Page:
Second Try at Breastfeeding

I had a tough go of it the first time around. After being “stuck” in the birth canal for about 4 hours, my daughter finally made it into the world. She failed pretty immediately to latch on. We soon figured out she was tongue-tied but the only local doctor that could help was in another country doing charity work and once he was back he was pretty booked up. I called daily, hoping someone would cancel and we’d be fit in. We went to a “baby chiropractor” for craniosacral therapy. She would latch on immediately after our sessions, but never again until the next one. I remember just breaking down when the therapist hugged me before one session – it was the motherly hug I’d needed, with my own mom so far away in Florida. I’d heard stories about blistered, bloody nipples, but not about a baby’s failure to latch. I tried and tried and tried, for weeks and weeks, shoving my breast into my daughter’s face. Her tiny head was smaller than my huge breast. All the while she screamed and screamed and I cried and cried. I would pump and my husband would do the finger feeding instead of starting her on the bottle so she wouldn’t get nipple confusion with the hope that one day she’d figure it out. He bonded with my baby while I sat strapped to the pump like a farm animal. We were holding out for the tongue tie snip – it was our cure-all. Except it cured nothing.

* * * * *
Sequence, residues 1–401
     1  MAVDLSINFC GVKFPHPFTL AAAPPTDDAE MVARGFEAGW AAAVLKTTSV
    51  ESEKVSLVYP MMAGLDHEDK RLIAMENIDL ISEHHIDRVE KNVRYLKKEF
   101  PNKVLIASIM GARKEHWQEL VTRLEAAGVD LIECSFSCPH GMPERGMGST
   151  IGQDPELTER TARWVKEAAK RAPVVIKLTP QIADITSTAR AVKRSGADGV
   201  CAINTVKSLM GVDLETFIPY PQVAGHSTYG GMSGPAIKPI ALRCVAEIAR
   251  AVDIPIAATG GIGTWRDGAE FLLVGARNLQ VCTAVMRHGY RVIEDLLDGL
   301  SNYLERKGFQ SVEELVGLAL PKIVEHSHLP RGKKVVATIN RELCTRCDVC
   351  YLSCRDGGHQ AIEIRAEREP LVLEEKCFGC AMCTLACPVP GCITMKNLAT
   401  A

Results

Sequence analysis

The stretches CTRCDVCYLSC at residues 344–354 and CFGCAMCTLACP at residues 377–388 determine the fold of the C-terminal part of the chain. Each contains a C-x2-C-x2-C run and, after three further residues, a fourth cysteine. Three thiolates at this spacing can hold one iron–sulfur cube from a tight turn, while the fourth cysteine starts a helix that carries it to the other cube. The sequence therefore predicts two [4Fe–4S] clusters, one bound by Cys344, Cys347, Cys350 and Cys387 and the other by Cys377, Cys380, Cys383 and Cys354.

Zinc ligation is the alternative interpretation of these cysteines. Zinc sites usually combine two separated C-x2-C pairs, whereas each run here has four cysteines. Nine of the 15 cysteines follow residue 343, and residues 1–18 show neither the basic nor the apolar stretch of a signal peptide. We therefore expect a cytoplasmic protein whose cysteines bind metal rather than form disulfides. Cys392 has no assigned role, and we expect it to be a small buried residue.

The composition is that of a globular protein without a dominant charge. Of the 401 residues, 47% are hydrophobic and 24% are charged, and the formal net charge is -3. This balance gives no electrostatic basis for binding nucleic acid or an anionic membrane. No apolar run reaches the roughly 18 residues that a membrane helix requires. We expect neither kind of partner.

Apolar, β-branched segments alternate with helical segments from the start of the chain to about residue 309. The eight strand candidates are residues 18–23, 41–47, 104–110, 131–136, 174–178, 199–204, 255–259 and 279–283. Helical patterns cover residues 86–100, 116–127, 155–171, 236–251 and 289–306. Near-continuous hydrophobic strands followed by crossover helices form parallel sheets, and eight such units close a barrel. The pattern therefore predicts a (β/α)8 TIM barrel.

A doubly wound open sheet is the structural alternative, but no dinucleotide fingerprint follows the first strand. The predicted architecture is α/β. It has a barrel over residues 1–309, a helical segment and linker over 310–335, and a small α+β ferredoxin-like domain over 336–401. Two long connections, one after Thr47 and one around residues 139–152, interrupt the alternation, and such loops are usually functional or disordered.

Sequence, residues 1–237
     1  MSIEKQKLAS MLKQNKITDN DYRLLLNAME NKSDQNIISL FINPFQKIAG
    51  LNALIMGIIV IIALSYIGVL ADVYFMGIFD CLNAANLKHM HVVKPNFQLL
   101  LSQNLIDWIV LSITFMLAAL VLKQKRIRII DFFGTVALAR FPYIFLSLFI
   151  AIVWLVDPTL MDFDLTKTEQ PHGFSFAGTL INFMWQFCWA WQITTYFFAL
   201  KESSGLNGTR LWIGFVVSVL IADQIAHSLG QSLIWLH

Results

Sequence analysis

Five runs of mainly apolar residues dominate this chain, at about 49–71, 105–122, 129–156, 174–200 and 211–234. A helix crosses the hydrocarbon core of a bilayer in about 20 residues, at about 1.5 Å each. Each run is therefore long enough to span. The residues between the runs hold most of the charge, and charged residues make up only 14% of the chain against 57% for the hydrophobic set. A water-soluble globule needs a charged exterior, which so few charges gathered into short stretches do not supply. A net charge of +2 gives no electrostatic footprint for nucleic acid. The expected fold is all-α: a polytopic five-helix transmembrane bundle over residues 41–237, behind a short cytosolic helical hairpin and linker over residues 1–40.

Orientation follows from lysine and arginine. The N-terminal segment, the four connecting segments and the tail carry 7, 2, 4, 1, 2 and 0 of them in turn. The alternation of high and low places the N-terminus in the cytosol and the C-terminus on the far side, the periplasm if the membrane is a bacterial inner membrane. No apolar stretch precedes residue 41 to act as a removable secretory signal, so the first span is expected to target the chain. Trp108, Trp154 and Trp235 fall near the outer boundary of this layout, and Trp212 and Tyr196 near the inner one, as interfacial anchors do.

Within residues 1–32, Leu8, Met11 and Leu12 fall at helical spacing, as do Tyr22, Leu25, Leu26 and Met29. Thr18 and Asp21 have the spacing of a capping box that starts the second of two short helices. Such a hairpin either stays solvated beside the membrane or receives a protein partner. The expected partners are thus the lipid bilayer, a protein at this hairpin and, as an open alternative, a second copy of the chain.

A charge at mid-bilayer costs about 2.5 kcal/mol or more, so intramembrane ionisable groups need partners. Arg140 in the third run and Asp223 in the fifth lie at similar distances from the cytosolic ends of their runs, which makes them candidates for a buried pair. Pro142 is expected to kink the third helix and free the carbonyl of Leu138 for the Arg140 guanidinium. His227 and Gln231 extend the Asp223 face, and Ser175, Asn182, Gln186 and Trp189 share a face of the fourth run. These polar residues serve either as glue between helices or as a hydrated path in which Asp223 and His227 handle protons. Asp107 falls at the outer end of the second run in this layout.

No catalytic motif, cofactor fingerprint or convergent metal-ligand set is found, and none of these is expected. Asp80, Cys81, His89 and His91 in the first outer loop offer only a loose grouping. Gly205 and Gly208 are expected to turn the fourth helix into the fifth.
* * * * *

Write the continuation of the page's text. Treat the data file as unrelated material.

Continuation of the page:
Ready for the next feeding!